Prof blames Weinstein for student hysteria at Evergreen State

Toni Airaksinen
New York Campus Correspondent

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  • A Whitman College professor is blaming Bret Weinstein for provoking Evergreen State students into disruptive protests earlier this year by treating their concerns "dismissively."
  • Student protesters drove Weinstein from campus, and later held administrators hostage, after learning that Weinstein had objected to a "white absence" event in a faculty-wide email.
  • A professor in Washington is blaming Bret Weinstein for the recent hysteria at Evergreen State College, accusing him of being “dismissive” toward student concerns.

    “Bret Weinstein chose to voice his objection in an unfortunate form, sparking an already charged campus community into an explosion,” Whitman College professor Christopher Leise asserts in an op-ed for Inside Higher Education.

    "Tired of leaving diversity issues to ‘the other,’ [students] took them to white people."   

    Weinstein found himself at the center of a national controversy earlier this year when students became aware of his response to a faculty-wide email announcing that Evergreen State’s annual “Day of Absence” had been changed so that white students and faculty would be asked to leave campus for a day of diversity programming, rather than black students and faculty absenting themselves from campus for the same reason.

    In his reply, Weinstein asserted that there was “a huge difference” between the two approaches, calling the new program “an act of oppression in and of itself.” A mob of students then confronted him during one of his classes, eventually forcing him to flee campus after police officers told him they could no longer guarantee his safety.

    [RELATED: Conservative student flees radical climate at Evergreen State]

    Leise contends that because Weinstein “chose to castigate rather than investigate the students’ actions” and “came off as dismissive rather than unconvinced of an inchoate by legitimate proposal,” he caused students to “become defensive rather than inquisitive,” thereby provoking their over-the-top reactions.

    “As a faculty member at a liberal arts college, Weinstein might have chosen not to chide but to question the student leadership encouraging the participation of white people in absenting themselves from the Evergreen community,” Leise writes, suggesting that Weinstein could instead have asked, “Who are the white people in our community?”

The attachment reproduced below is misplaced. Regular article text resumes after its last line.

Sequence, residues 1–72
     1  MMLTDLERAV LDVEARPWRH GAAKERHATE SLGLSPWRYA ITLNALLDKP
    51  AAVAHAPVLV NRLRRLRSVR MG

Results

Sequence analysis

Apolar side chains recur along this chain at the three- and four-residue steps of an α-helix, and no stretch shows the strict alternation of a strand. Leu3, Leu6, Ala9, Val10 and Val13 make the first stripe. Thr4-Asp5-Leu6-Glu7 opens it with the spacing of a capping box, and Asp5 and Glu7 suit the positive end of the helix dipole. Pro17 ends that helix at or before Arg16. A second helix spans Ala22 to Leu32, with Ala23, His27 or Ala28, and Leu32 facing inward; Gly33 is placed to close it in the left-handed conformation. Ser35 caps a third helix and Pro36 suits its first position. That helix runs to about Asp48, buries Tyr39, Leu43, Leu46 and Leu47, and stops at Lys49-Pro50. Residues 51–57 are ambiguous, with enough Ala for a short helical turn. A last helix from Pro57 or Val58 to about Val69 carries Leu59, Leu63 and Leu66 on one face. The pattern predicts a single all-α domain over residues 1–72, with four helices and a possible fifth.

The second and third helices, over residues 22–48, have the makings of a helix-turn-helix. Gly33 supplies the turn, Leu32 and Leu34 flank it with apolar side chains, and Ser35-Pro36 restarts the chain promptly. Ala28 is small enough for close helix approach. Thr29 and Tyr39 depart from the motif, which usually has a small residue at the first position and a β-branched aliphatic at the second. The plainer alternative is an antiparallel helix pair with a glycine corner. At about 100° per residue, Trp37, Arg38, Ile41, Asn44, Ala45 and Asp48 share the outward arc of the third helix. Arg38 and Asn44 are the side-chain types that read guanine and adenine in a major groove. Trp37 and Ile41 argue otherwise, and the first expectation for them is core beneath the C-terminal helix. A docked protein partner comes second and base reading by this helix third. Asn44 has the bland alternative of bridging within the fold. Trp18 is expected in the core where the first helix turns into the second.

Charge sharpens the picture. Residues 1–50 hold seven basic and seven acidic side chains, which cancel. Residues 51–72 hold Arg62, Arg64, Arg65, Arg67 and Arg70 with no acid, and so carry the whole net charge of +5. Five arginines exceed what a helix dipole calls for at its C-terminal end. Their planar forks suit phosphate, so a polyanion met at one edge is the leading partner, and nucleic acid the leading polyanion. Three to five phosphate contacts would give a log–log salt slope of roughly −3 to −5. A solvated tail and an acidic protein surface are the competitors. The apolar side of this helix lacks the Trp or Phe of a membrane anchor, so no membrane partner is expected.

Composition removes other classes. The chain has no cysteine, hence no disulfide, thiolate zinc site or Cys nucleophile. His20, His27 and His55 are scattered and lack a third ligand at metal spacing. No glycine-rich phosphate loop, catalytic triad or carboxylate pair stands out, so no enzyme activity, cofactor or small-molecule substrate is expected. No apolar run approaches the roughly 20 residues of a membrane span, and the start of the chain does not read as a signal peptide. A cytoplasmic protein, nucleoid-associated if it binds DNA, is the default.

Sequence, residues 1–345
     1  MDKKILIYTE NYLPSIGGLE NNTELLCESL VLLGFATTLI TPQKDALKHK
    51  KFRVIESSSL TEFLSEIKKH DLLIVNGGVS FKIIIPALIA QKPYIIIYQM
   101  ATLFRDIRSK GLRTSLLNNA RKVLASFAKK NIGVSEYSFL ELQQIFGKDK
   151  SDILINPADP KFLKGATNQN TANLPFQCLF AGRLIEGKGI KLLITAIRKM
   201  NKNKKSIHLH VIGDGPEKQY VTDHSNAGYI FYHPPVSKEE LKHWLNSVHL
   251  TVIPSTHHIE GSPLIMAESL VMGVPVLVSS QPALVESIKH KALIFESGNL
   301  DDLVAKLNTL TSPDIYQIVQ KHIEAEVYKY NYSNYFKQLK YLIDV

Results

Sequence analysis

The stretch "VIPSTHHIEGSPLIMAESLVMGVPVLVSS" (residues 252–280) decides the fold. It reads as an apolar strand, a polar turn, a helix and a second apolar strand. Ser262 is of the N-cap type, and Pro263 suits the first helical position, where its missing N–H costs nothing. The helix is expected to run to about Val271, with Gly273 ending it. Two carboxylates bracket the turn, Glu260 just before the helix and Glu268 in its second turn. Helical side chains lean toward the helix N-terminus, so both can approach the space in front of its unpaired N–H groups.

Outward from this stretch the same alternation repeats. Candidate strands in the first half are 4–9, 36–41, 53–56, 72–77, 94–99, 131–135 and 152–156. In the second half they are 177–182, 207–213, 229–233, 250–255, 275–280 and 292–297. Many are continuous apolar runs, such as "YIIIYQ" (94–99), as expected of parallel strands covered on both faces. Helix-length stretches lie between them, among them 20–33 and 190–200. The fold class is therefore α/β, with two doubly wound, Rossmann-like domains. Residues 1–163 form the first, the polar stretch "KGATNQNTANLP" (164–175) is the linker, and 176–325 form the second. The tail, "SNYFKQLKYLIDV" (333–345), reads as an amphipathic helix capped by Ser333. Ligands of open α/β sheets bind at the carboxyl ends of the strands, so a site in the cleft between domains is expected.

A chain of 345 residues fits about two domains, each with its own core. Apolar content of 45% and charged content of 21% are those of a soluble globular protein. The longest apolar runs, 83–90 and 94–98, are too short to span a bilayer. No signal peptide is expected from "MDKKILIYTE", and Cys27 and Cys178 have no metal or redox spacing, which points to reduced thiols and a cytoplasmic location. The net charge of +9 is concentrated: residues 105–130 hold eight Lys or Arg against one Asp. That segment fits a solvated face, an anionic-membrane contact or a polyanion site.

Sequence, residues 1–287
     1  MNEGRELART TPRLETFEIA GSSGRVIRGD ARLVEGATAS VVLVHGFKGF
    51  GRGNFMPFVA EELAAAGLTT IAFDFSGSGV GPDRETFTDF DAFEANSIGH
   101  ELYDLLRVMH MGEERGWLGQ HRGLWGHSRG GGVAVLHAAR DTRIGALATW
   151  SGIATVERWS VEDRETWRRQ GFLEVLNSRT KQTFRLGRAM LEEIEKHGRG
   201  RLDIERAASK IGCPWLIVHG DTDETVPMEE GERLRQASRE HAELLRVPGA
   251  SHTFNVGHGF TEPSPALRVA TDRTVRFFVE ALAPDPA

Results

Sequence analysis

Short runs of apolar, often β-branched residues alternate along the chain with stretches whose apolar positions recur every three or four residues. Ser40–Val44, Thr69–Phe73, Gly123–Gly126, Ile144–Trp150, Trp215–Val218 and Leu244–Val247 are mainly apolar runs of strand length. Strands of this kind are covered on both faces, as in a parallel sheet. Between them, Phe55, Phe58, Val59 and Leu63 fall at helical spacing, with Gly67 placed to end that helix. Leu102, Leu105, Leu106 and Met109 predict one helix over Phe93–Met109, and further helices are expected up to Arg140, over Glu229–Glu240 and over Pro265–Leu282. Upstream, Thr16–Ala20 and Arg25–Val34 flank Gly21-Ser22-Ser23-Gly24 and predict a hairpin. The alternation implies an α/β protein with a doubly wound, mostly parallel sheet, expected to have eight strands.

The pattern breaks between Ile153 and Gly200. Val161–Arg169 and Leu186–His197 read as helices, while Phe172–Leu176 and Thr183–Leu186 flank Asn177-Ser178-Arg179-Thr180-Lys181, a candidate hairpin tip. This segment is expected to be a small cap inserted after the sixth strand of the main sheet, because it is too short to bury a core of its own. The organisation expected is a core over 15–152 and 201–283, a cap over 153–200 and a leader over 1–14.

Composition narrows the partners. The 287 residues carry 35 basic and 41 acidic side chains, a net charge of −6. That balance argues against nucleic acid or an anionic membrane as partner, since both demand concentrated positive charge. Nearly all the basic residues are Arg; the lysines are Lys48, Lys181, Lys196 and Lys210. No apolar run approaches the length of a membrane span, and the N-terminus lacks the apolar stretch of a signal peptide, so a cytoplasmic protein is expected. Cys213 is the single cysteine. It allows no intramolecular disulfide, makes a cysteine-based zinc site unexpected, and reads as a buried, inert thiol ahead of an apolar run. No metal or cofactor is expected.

This question, Leise asserts, would have forced the campus community to define “white identity” and identify who enjoys the “specific privileges” it confers.

    “Evergreen’s students initially acted bravely in standing up for a righteous cause. Tired of leaving diversity issues to ‘the other,’ they took them to white people,” Leise continues, though he concedes that some students took things “too far” by “personally insulting” the school’s president, George Bridges.

    [RELATED: VIDEO: Evergreen protesters hold admins hostage over demands]

    He nonetheless argues that Bridges faced an intractable situation after Weinstein “moved the issue past the Evergreen students’ specific proposal to generalizing broadly about exclusion,” saying this forced the administration to address “already-defined national causes and concerns” that restricted its ability to take meaningful action.

    “That a group of Evergreen students might not yet be able to articulate the reality of American white identity speaks less to their ideals and their ambitions than it does to the fact that the conversation does not seem to have gotten where it needs to go,” Leise concludes. “Absent a will to instruct through reasonable questioning even—or especially—in fraught circumstances, I worry it rarely will.”

    Neither Leise nor Weinstein responded to a request for comment from Campus Reform.

    Follow the author of this article on Twitter: @Toni_Airaksinen



    Toni Airaksinen

    Toni Airaksinen

    New York Campus Correspondent

    Toni Airaksinen is a New York Campus Correspondent, and reports liberal bias and abuse on college campuses for Campus Reform. She is a junior at Barnard College, and also contributes regularly to The College Fix, USA Today College, Red Alert Politics, and Quillette Magazine. She formerly held a post with the Columbia Spectator and has been featured on Fox News and on the Drudge Report.

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